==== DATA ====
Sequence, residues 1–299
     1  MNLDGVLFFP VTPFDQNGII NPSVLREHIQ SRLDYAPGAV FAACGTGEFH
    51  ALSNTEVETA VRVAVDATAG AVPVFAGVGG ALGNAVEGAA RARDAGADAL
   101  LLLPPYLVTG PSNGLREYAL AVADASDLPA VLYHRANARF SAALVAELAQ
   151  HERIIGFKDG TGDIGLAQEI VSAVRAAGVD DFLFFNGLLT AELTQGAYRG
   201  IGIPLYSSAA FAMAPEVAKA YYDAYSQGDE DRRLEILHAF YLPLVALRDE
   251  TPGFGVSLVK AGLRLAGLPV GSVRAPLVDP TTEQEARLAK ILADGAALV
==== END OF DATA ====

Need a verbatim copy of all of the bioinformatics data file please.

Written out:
Sequence, residues 1–299
     1  MNLDGVLFFP VTPFDQNGII NPSVLREHIQ SRLDYAPGAV FAACGTGEFH
    51  ALSNTEVETA VRVAVDATAG AVPVFAGVGG ALGNAVEGAA RARDAGADAL
   101  LLLPPYLVTG PSNGLREYAL AVADASDLPA VLYHRANARF SAALVAELAQ
   151  HERIIGFKDG TGDIGLAQEI VSAVRAAGVD DFLFFNGLLT AELTQGAYRG
   201  IGIPLYSSAA FAMAPEVAKA YYDAYSQGDE DRRLEILHAF YLPLVALRDE
   251  TPGFGVSLVK AGLRLAGLPV GSVRAPLVDP TTEQEARLAK ILADGAALV